With most things we do in life that are healthy and good, sustainability requires the ability to stick with something over the long haul.
Health Requires Realism & Cutting Out Shame
Theoretically, with any one aspect of growth we might be able to figure it out ourselves, so we may think to ourselves, “I don’t need a trainer or tutor or therapist to help me do that.” In fact, it’s easy to place shame on ourselves that we should be better. But that’s not how we are built or how we function.
A key factor of many mental disorders is poor insight and unrealistic expectations. If you are basing any sort of growth or recovery on what you “should” be able to do (just eat better, go exercise more, talk to yourself less negatively) and that doesn’t fit the reality of how a person learns and grows, you’re setting yourself up for failure from the start.
Take perfectionism. Or, in OCD, we often say ‘just right.’ Even if you don’t have OCD, have you experienced trying to make things perfect with a negative outcome?
- Running late because you’re putting that last hair/makeup/clothing item in place.
- Sending an email/text/message until it is “perfectly” crafted, and you end up taking three times as long.
- Doing something thoughtful and nice for your loved one, but you made it such a big task that you ended up doing nothing.
Whether you have a diagnosis or not, if you have lived years of your life strengthening these tendencies, neural pathways, memories, emotions, and environment to fit this narrative of things needing to be ‘just right,’ not to discourage you, but you will need an investment to change these behaviors- they won’t change overnight because you “willed them away.”
Exposure Therapy Sustainability
When utilizing the incredibly powerful treatment tool of Exposure Therapy (ET), we need to get rid of “perfect” attempts to do the therapy. Part of this is learning to be uncertain. There are no perfect exposures. There are certainly more effective ways to do exposure– this article wouldn’t even exist if that weren’t the case! But when we are trying to do something that is sustainable, we need to cut out the shame and unfeasible approaches to change.
There are certainly exceptions in the current research (One-Session Treatment (OST) of Phobias, Bergen model for OCD) that are promising with specific cases where very concentrated exposure therapy has the possibility to lead to durable, long-lasting outcomes. Yet this is certainly not the case across the board or for every person or disorder. While holding onto hope, let’s stay in the reality we are currently in- that reality is that learning to face fear is like doing a marathon- not just once, but many times and learning to actually find meaning and joy in the process. So we have to find ways where you can run this race- today- wherever you are, and increasingly engage with running it well, without ongoing “injury.”
Am I Supposed to Just Be Lazy and Give Up?
When I challenge pathological perfectionism in clients and tell them to be more realistic about their exposures (such as clients saying they “should” just be able to touch an item that feels very contaminated), the initial exclamation often goes like this: “So I’m supposed to just give up, then?” I’ll call this the front gate defense of pathological perfectionists. It’s a swing from one extreme to another- if I can’t do it perfectly, why try? When challenging perfectionism as problematic, it’s natural to want to protect it and fear what it’s like to live differently.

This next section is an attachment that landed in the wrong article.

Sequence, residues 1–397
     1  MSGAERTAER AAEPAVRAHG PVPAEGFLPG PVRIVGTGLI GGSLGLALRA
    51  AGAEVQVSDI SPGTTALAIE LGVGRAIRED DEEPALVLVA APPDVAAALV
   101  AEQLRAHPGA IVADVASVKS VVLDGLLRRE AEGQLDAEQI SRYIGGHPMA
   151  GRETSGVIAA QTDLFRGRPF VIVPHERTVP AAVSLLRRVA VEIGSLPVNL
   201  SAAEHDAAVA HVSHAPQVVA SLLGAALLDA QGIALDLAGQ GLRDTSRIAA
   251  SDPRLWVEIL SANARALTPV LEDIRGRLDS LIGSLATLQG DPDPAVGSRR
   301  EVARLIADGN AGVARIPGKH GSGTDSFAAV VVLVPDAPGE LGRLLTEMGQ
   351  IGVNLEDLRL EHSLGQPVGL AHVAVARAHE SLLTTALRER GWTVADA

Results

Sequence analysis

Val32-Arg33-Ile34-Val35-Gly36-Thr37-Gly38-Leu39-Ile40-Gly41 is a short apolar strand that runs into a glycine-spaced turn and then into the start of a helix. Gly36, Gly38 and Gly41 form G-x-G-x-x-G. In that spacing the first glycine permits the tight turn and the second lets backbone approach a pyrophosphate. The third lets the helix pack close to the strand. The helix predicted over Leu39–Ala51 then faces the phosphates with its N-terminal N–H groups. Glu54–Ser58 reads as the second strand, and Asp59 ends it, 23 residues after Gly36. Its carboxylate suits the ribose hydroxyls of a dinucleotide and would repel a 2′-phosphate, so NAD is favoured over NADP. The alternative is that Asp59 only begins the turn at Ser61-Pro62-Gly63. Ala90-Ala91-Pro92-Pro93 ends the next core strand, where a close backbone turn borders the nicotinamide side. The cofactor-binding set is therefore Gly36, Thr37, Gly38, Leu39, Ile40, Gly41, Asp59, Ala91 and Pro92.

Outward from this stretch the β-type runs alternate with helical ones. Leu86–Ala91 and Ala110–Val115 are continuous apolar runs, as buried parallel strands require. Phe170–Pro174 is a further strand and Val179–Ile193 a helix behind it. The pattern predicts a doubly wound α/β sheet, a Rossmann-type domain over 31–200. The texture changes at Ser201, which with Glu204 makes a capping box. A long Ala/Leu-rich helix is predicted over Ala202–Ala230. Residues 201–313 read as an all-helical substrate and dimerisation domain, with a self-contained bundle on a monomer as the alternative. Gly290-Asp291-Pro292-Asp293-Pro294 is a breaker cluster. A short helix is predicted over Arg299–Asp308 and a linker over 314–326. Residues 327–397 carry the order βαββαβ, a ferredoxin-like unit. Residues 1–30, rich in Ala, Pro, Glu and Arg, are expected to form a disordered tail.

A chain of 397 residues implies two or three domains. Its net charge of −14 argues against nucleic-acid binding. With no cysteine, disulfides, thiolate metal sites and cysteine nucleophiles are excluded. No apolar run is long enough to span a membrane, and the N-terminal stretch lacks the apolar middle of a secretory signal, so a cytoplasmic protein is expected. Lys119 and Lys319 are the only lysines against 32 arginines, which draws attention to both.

Don’t get me wrong- seeking excellence and having a high standard can be wonderful and help drive innovation, creativity, performance, and accomplishment. But that’s something different entirely. Pathological perfectionism gets in the way and causes disability.
Learning ‘Good’ and ‘Good Enough’
So if your perfectionism gets in the way of the positive outcomes you could experience in therapy, you will need to:
- Own it. Acknowledge the problem, but also the depth of the problem. Scuba diving in a lake is different from deep ocean. Get the support of someone who knows their stuff to walk with you.
- Find the resources and help that are strong enough to get where you need to go. If you need an oxygen tank to last 4 hours, this is different from a tank that lasts 30 min. Talking about your problems can help gain some insight to change. But if you need exposure therapy, it usually needs to go beyond that.
Being Realistic, Together
Join me in finding the “grey.” If part of your treatment requires that you do exposures (OCD, Social Anxiety, Phobias, and more), then you will need to learn a lifestyle of facing pathological fear and not giving into it with false safety behaviors. Many clients come to me and need help not because they don’t understand what exposures are or many of the techniques we employ. Clients often say a key thing I help with is keeping a client grounded and on track- being realistic with where they are and what they can handle.
The key question with long-term health: What can you do- and keep doing?
I don’t really care whether you can “beast mode” your way into one exposure. In fact, I often discourage people from doing it, especially if they’re not ready. You’ll “injure” yourself and your progress. I care about your long-term learning and recovery. So let’s have a plan that fits reality, and then work it together. Cheers to developing a healthy approach that’s sustainable!
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